Oracle’s most recent quarterly earnings must offer some insight on how government and corporate grants have been affected by the re-election of President Barack Obama. The results will also shed light on the worries surrounding the fiscal cliff that is looming over the US economy currently.
The quarterly results will be covering three months ending on 30th November.
Oracle will be the first major technology company to report how it has been doing with business customers after the presidential election on 6th November and the starting of negotiations to crack a deal that would stop triggering high rates of tax and automatic government expenses cuts starting on 1st January. The phantom of higher taxes together with reductions in government budgets is being called the fiscal cliff that has the potential of pushing the unstable US economy into recession.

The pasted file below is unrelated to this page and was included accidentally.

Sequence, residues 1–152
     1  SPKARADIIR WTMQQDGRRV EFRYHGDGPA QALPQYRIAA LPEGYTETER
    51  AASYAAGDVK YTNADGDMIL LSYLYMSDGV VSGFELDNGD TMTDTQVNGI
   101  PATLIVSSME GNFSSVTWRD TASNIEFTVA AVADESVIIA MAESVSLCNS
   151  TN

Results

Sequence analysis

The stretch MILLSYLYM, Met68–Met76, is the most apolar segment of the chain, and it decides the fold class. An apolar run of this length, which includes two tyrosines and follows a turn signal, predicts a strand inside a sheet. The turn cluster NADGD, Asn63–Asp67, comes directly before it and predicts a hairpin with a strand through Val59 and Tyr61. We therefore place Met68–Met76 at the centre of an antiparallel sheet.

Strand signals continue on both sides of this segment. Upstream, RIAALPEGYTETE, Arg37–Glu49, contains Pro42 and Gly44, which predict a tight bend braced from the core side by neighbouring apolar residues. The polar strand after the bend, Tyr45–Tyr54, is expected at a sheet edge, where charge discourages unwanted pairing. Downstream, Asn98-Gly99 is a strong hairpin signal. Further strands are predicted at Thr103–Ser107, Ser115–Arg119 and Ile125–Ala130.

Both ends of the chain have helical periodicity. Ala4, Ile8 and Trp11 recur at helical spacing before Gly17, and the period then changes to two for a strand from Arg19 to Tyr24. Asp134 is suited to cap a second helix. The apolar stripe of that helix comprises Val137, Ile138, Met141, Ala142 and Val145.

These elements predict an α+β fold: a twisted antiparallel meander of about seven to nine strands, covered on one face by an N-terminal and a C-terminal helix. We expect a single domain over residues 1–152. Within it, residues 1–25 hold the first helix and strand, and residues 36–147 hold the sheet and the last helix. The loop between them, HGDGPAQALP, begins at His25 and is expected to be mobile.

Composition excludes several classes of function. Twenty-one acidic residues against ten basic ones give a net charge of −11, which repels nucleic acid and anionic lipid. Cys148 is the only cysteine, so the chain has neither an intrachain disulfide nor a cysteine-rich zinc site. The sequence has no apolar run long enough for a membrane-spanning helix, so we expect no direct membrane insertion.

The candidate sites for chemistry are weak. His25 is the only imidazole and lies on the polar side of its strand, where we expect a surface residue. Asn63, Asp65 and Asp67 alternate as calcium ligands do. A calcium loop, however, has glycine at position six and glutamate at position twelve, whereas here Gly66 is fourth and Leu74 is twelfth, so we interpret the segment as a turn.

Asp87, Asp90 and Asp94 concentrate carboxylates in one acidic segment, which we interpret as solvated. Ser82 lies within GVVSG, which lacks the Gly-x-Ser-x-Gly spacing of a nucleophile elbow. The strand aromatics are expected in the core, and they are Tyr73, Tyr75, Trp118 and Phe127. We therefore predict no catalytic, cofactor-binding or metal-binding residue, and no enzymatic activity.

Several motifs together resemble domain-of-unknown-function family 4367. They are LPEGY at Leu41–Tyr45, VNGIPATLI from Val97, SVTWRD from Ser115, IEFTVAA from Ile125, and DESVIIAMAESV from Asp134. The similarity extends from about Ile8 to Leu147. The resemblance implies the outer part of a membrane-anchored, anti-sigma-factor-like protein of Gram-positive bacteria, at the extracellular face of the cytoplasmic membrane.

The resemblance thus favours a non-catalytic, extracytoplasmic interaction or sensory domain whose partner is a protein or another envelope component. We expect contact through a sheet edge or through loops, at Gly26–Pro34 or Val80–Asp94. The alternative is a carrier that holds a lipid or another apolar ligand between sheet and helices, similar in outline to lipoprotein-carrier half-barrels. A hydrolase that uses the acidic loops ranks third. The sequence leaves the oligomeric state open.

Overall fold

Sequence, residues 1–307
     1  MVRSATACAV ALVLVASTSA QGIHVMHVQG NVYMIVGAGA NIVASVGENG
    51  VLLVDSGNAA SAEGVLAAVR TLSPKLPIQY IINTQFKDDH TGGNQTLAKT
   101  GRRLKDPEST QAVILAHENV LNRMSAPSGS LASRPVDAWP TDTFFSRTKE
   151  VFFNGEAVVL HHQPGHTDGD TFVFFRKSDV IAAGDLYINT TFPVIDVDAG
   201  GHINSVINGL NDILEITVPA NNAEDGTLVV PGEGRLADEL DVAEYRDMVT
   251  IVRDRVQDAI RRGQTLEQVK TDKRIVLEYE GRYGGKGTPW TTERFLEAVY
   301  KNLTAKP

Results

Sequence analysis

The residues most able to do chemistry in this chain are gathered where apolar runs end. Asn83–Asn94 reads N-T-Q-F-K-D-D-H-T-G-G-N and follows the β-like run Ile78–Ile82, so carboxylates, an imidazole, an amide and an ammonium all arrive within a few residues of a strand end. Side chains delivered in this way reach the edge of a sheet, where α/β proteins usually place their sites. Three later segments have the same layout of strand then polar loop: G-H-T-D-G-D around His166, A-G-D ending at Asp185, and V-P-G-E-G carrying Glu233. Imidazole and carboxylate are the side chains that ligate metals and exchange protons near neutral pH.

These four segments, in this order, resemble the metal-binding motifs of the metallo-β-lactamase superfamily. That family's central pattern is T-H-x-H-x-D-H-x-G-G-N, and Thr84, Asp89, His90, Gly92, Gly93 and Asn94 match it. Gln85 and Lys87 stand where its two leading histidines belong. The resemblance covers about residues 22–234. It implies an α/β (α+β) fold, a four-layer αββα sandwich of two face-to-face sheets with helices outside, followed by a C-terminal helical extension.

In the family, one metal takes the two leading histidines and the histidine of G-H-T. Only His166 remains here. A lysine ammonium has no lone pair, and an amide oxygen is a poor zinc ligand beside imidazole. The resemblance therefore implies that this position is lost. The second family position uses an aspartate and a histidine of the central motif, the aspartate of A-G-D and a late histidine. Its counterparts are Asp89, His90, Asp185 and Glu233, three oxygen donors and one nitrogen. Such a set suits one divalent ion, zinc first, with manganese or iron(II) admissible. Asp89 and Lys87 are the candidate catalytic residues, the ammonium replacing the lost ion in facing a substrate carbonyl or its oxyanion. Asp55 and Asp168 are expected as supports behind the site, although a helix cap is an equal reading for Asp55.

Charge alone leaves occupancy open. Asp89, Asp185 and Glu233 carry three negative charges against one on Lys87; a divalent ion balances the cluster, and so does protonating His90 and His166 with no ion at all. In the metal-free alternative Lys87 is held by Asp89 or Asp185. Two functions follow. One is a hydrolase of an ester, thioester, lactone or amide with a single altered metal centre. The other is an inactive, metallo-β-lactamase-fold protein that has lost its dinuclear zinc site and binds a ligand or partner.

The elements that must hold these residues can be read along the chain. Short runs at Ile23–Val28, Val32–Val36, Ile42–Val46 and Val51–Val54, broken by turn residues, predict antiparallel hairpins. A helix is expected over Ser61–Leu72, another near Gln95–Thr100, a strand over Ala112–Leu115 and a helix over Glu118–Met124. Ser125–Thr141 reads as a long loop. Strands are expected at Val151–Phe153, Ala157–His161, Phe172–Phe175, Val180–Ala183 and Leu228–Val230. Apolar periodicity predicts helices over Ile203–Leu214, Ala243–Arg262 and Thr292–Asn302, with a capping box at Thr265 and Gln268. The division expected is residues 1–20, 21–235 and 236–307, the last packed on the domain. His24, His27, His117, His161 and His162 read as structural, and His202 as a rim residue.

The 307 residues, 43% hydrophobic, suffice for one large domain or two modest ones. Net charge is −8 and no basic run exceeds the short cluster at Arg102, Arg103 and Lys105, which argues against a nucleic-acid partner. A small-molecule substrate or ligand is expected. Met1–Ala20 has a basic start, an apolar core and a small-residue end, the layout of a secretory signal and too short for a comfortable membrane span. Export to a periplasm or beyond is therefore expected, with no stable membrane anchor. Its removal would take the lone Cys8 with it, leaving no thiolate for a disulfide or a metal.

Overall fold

Oracle specializes in business software. It has given its word to its shareholders that its fiscal second quarter would be better than the first quarter figures that were revealed in September. Revenue had gone down during the first quarter, raising fears that big companies and government enterprises were becoming thrifty amid the economic improbability.
FactSet had polled analysts in which they have expressed anticipation of a modest improvement in the latest quarter. Revenue has gone up 2% from the same time the previous year to $9 billion. Not taking into account the charges of Oracle for past acquisitions and other costs, analysts are anticipating that the company will earn 61 cents per share.
Oracle’s executives have guaranteed investors in September that the speed of business would increase towards the end of 2012. The company has predicted its software licenses and online memberships that were sold during the second quarter will shoot up by 5% from what it was a year back. Growth of licensing is considered important since it creates a flow of future revenue from software updates and maintenance.